With all that oil reaching Montreal from within the continent, the refineries don’t need to receive crude oil from international shipments coming in through South Portland.

Oil companies could still find use for the 236-mile-long Maine pipeline, according to industry experts, but that use would most likely be as a way to get that Alberta oil out to tankers. Which would mean a reversal of the current south-to-north flow and the offloading of oil to ships, steps not currently allowed thanks to South Portland’s aforementioned ordinance.

(The pipeline company has called the ordinance an illegal infringement on federal laws that regulate international commerce, and is fighting the measure in a court battle that is ongoing.)

[MORE: Tar sands cause heated environmental, economic debate in Maine]

The conversation surrounding oil sands bitumen in the U.S. has been hot, with heavy protests over the controversial proposed Keystone XL pipeline through middle America, as well as national attention paid to the potentially precedent-setting South Portland ordinance.

Environmentalists have long argued that because of its thicker nature, oil sands bitumen must be heavily diluted with toxic chemicals in order to be pushed through existing pipelines, creating a corrosive sludge that’s three times more likely to cause leaks.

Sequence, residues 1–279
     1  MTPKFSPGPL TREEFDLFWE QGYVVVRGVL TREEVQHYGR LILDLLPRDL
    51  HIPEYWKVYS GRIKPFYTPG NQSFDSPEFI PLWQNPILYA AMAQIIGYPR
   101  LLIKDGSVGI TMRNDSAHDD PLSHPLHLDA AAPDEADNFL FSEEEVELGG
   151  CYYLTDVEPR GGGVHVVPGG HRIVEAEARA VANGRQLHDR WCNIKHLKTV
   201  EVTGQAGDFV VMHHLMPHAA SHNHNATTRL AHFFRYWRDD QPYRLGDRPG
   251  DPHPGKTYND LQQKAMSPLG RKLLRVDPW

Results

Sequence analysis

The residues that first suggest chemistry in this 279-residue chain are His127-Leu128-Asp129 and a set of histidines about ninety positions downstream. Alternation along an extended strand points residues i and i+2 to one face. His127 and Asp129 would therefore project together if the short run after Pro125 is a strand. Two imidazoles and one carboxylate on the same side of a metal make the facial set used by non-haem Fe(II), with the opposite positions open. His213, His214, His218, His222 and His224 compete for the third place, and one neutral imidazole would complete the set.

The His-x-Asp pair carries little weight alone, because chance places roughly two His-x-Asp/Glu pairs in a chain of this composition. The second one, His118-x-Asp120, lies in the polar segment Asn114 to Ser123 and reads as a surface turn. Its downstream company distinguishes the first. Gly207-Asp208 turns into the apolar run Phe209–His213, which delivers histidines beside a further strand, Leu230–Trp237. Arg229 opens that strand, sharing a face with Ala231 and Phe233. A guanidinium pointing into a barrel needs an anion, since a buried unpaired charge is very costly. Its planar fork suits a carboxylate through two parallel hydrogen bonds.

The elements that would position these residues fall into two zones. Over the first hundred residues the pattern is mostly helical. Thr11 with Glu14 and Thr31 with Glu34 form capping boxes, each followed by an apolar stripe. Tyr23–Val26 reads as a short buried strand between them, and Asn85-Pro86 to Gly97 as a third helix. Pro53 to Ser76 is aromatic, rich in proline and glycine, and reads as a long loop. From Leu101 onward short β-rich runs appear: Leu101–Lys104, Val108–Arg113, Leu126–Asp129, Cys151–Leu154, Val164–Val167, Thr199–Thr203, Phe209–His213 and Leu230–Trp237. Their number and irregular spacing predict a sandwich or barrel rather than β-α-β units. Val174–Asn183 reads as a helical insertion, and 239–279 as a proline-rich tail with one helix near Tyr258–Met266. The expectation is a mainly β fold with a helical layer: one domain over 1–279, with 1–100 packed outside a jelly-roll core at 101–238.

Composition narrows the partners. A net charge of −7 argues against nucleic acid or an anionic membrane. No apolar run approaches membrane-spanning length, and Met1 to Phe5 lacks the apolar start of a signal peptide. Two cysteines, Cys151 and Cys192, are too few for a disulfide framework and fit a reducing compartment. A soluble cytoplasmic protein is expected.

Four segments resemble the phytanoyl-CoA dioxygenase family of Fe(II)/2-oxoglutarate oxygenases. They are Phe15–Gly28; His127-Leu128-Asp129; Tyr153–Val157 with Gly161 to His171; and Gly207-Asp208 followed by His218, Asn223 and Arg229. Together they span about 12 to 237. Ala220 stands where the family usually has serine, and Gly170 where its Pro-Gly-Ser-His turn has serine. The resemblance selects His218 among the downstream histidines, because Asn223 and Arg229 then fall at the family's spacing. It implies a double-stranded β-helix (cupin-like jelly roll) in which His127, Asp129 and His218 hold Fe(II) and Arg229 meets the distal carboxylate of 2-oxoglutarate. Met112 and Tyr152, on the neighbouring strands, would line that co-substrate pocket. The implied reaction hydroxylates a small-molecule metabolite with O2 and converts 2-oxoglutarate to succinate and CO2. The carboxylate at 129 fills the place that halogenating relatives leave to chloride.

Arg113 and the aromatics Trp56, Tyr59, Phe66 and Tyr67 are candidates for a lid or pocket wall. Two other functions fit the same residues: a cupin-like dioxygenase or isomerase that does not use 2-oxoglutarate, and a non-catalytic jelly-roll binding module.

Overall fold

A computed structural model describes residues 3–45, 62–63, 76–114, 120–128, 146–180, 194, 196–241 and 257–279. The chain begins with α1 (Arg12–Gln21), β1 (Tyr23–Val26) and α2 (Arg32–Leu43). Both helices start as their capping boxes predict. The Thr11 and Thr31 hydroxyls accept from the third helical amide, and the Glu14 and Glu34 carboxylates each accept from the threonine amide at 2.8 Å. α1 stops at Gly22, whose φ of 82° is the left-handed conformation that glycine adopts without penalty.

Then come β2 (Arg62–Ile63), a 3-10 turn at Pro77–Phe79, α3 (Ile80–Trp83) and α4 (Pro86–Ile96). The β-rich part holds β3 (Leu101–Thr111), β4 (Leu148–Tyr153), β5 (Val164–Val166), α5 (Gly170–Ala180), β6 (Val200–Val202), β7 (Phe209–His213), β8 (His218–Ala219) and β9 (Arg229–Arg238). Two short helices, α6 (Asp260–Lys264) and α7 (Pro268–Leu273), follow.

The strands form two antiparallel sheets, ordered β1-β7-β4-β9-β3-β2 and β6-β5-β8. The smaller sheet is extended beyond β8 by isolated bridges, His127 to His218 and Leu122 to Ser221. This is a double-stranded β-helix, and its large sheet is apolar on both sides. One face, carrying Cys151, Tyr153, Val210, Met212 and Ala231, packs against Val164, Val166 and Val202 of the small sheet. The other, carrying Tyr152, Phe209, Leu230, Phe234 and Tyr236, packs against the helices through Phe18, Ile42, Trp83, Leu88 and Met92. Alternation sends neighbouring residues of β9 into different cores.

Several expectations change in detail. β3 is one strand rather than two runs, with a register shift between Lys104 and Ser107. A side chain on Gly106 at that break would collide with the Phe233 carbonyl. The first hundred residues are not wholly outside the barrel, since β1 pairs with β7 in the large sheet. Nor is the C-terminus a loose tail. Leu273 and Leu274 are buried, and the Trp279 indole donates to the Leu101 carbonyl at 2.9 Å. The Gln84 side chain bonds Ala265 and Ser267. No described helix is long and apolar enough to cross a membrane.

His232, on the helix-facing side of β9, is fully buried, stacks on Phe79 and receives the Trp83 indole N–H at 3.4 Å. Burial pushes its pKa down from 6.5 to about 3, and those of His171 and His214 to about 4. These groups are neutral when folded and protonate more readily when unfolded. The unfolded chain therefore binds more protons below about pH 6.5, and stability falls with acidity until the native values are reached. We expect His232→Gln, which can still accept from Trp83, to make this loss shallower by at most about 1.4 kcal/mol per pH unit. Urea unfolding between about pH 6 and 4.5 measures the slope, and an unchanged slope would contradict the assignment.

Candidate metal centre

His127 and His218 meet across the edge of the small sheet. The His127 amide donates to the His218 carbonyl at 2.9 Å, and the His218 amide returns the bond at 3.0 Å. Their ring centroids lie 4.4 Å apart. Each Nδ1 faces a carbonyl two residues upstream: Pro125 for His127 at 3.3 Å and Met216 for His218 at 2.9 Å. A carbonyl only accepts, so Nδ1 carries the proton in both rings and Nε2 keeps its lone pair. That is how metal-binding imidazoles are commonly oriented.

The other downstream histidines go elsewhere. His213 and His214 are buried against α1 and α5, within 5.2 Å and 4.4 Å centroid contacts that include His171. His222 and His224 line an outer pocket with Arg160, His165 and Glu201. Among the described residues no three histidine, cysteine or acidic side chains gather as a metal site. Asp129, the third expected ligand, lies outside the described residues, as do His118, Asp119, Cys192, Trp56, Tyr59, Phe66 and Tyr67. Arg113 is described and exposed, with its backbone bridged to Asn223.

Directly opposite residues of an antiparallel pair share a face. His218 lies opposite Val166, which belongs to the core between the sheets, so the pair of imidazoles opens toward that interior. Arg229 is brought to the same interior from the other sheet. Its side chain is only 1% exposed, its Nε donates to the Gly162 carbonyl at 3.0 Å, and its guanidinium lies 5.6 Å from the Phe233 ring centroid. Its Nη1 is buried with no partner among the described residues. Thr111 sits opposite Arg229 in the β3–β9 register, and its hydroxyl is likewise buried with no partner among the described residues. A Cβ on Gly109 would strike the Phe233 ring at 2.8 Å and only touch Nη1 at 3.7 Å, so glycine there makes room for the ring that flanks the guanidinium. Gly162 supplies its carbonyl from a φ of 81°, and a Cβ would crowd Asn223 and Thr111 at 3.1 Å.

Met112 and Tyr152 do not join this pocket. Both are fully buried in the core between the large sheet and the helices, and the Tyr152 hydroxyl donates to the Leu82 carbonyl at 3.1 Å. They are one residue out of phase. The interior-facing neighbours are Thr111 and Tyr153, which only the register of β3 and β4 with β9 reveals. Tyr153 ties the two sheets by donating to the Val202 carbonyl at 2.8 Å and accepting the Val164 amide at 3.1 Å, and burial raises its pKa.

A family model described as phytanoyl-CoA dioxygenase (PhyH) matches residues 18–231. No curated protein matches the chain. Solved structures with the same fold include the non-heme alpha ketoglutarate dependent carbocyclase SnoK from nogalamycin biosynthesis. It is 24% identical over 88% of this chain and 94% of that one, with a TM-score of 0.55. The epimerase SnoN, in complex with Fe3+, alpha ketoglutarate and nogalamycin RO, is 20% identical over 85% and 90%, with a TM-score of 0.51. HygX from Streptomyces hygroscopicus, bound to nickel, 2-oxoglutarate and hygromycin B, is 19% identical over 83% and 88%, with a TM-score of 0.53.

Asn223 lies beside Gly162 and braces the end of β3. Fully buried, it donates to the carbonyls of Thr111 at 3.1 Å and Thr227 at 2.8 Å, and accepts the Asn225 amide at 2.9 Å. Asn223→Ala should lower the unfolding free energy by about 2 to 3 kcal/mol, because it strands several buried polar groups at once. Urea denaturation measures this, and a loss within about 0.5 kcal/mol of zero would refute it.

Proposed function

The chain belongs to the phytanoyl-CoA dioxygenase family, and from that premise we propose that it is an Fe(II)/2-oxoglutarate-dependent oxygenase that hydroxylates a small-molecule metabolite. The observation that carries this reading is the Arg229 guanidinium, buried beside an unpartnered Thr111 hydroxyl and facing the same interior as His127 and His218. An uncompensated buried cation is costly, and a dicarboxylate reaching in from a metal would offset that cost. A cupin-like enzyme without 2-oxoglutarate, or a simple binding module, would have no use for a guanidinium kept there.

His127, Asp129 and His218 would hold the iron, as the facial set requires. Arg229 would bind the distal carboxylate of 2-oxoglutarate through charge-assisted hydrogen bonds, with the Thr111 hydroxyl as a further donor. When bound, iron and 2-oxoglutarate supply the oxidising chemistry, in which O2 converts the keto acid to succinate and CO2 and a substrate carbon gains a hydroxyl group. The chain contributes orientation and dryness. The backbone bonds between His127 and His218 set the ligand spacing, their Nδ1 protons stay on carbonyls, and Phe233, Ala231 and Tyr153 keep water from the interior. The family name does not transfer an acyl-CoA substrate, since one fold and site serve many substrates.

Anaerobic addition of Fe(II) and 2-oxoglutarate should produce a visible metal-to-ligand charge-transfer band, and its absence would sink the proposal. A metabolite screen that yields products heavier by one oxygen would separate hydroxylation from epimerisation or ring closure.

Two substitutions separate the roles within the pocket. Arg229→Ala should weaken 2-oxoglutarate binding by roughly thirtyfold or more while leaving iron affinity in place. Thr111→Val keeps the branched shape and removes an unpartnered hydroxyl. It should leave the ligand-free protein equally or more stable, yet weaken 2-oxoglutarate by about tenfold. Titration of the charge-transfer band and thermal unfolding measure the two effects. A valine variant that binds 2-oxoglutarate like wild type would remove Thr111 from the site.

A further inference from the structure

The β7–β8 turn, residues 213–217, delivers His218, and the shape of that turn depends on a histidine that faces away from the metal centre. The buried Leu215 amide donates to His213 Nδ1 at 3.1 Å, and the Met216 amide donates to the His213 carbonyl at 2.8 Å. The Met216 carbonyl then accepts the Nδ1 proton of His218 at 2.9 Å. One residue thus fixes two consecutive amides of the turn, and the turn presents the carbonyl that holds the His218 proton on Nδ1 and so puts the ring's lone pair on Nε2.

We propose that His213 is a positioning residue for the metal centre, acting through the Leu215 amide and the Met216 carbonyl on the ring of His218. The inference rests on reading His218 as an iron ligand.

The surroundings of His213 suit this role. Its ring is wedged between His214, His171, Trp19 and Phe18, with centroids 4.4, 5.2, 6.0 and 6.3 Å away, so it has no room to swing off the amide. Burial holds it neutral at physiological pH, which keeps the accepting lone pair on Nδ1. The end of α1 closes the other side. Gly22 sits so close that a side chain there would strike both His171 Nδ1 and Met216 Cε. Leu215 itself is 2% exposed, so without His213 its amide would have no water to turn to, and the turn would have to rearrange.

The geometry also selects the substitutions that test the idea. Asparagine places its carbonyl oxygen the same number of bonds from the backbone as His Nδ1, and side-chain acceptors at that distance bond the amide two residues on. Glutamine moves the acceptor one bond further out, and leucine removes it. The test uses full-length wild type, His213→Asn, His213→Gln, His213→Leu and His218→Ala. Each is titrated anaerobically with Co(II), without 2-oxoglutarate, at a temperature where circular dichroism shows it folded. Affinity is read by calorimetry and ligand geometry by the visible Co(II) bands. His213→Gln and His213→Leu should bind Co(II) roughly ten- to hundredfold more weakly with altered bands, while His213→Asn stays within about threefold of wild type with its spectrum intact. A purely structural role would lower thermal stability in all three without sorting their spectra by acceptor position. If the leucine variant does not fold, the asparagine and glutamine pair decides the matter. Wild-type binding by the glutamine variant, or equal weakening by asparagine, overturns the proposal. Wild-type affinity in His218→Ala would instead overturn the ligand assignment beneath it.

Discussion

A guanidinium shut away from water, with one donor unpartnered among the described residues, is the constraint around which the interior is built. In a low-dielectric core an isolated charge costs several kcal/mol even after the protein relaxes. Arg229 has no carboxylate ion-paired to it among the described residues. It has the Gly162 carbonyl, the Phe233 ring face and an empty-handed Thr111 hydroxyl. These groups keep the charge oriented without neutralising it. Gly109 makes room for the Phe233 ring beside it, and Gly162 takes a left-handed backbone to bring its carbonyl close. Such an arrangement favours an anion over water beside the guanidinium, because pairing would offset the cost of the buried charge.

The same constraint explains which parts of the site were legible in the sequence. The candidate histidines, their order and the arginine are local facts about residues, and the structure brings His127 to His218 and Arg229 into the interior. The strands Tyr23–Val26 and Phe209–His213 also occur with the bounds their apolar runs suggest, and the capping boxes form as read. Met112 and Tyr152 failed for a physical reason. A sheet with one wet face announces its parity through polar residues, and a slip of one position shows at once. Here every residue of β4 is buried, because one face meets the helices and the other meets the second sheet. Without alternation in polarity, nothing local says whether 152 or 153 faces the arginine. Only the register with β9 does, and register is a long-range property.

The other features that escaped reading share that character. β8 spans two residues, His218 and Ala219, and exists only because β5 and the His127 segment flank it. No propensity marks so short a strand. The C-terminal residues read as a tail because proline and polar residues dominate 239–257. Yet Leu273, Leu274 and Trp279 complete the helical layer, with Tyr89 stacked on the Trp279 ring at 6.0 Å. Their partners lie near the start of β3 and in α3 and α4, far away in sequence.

One such leak from another of Enbridge’s lines along Michigan’s Kalamazoo River in 2010 caused the temporary evacuation of as many as 50 households and contaminated more than 25 miles of the waterway.

In Maine, the pipeline in question goes by tributaries to Sebago Lake, where 15 percent of the state’s population gets its drinking water, and several municipalities along the way have passed symbolic resolutions opposing the transportation of the thicker oil through their communities.

Portland pipeline officials countered that, since a previous 2008 reversal plan fizzled, there had been no serious talks of accommodating the more controversial oil, suggesting any protests were at best premature.

They also repeatedly pointed to the Maine pipeline’s sparkling safety record, and said if any plans for oil sands bitumen did emerge, the company would be well-qualified to pursue them safely.

Now, it may be a moot point, as Canadian oil firms are pressing forward without waiting for the Maine pipeline court case to play out. There are other ways to get their oil to international markets.

In what could be really good or really bad news, depending on which side of the debate you’re on, that ship may have sailed.

One Canadian industry expert, when asked by Platts about the current prospects for the Portland pipeline, basically shrugged.

Said Patricia Mohr, a vice president and commodity market specialist with Scotiabank: “I don’t think there has been much consideration of the Portland pipeline.”

Seth Koenig

About Seth Koenig

Seth has nearly a decade of professional journalism experience and writes about the greater Portland region.